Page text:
PRACTICE CONSIDERATION: Sometimes the nuances in our family law practices get the best of us. Check out my Litigation Support for Attorneys page to see what I can do to provide support and assistance in developing strategies and navigating through some of your most difficult cases. The fresh perspectives and litigation support may be exactly what you need!
Kerr v. Wilson, Case Nos. A20A1668 and A20A2015, Georgia Court of Appeals, February 22, 2021.
The parties were divorced in Tennessee in 2009. Wilson had primary custody of their minor daughter, and Kerr was required to pay child support. In 2019, Wilson filed a petition to register/domesticate the Tennessee order. The trial court confirmed the registration of the Tennessee order despite Kerr’s objection. Kerr appealed that order, and a separate order holding him in contempt for failure to pay child support.
O.C.G.A. §19-9-85 sets out the procedure for registering foreign custody orders. With her request to register the Tennessee order, Wilson was also required to file a certified and one other copy of the order with a sworn statement that it has not been modified, and the names/addresses of all parties. Subsection (d) provides that Kerr could contest the validity of the order by requesting a hearing within 20 days after service of the notice. If not, the registration is confirmed as a matter of law. Wilson, however, only filed a certified copy of the order. Thus, the trial court could not confirm the registration, and should have treated the petition as one to domesticate the order. Registration is a prerequisite to modifying a foreign judgment. However, to enforce a foreign order, it is only necessary to file a certified copy. Accordingly, the trial court properly ruled upon Wilson’s contempt petition.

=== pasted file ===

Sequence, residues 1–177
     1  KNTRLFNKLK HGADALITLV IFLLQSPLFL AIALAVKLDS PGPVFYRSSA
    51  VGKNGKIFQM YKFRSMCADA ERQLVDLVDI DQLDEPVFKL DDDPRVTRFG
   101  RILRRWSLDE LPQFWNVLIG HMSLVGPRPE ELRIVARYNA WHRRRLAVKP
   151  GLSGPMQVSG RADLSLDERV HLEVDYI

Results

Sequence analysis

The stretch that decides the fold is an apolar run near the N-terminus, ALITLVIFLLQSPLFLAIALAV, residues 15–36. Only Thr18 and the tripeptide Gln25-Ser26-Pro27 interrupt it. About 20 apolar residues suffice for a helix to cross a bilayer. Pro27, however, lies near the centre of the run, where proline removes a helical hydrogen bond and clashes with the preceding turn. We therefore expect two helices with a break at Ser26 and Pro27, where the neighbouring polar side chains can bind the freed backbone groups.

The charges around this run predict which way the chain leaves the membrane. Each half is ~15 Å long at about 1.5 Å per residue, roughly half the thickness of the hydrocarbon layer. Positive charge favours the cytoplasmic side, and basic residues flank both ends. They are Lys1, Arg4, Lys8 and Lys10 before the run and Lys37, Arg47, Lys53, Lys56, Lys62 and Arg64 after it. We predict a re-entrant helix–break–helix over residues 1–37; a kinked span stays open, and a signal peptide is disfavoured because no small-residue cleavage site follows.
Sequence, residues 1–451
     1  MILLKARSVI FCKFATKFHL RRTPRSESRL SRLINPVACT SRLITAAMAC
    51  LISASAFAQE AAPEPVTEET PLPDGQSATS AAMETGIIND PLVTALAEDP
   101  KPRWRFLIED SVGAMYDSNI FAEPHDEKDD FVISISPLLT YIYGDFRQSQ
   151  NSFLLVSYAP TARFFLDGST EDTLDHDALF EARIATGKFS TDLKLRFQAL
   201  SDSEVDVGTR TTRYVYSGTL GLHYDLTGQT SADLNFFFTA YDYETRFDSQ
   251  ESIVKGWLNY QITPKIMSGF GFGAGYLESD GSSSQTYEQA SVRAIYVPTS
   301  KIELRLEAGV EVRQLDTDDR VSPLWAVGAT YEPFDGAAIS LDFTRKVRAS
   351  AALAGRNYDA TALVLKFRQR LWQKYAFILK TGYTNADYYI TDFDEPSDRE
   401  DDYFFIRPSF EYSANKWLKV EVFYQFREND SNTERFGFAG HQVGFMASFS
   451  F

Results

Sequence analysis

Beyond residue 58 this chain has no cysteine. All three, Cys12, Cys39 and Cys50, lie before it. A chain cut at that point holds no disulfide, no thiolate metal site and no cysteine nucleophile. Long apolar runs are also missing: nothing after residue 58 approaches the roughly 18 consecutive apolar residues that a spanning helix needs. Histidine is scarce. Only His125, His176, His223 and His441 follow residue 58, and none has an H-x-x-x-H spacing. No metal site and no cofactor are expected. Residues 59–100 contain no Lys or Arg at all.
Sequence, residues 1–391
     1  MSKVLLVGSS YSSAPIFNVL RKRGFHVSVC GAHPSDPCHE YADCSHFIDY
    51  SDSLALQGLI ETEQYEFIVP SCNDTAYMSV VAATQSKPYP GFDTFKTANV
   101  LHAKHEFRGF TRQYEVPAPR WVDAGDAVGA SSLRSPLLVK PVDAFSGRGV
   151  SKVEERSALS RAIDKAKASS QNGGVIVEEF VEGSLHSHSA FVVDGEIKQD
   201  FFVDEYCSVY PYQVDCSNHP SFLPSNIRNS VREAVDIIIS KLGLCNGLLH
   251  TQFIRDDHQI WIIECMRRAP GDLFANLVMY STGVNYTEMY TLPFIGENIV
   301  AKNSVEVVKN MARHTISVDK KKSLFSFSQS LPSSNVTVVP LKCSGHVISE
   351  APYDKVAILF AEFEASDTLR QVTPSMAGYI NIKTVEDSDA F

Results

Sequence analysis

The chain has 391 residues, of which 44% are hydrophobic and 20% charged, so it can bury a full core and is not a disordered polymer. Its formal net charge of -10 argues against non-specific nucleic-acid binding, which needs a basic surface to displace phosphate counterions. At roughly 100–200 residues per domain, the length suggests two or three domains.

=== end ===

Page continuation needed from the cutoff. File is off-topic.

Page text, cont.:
Bennett v. McClam, Case No. A21A0134, Georgia Court of Appeals, February 23, 2021.
Bennett has primary custody of the parties’ minor child. McClam filed a petition to modify custody and child support. The trial court granted Bennett’s motion to dismiss since there were no changes in circumstances substantially affecting the welfare of the child. Bennett sought attorney fees pursuant to O.C.G.A. §9-14-15 (a) and (b) and O.C.G.A. §19-9-3(g). The trial court denied Bennett’s requests for fees. This appeal followed.
O.C.G.A. §19-9-3(g) is the applicable attorney fees statute in custody cases that do not arise out of a divorce or alimony action. Unlike O.C.G.A. §19-6-2 in divorce or alimony cases, O.C.G.A. §19-9-3(g) does not require the court to consider the parties’ financial circumstances. Rather, the judge, in his/her discretion, may order the parties to pay reasonable fees and expenses of litigation. Furthermore, the fact that Bennett prevailed on his motion to dismiss McClam’s petition is not enough to entitle him to §9-15-14 fees. Rather, the trial court stated that it could have accepted McClam’s claims, and therefore her petition did not lack substantial justification. Since there was no transcript of the proceedings, the Court of Appeals must assume that the trial court was correct, and affirm the ruling.
Related Family Law Cases Released in February 2021:
12-Month Stalking Protective Order // Social Media Posts
Bodi v. Ryan, Case No. A20A2102, Georgia Court of Appeals, February 1, 2021.